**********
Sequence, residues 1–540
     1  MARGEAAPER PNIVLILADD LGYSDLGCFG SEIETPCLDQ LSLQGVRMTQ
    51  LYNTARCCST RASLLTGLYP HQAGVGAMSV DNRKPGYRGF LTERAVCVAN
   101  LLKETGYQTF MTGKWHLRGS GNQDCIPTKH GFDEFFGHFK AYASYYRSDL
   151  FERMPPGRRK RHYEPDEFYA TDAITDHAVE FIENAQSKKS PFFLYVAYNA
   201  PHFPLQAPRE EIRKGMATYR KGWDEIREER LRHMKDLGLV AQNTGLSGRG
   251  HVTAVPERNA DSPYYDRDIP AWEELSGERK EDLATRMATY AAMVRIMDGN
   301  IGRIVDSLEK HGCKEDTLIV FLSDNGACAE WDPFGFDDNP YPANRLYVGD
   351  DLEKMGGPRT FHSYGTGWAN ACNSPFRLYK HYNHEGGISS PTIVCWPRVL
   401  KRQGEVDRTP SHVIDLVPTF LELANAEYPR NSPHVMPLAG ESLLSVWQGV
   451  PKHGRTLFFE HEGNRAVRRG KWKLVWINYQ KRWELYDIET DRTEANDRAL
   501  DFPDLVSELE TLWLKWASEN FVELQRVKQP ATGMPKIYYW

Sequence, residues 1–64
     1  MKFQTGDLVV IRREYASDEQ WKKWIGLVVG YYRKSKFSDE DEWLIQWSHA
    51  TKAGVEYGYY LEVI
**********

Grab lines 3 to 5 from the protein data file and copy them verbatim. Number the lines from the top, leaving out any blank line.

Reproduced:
    51  LYNTARCCST RASLLTGLYP HQAGVGAMSV DNRKPGYRGF LTERAVCVAN
   101  LLKETGYQTF MTGKWHLRGS GNQDCIPTKH GFDEFFGHFK AYASYYRSDL
   151  FERMPPGRRK RHYEPDEFYA TDAITDHAVE FIENAQSKKS PFFLYVAYNA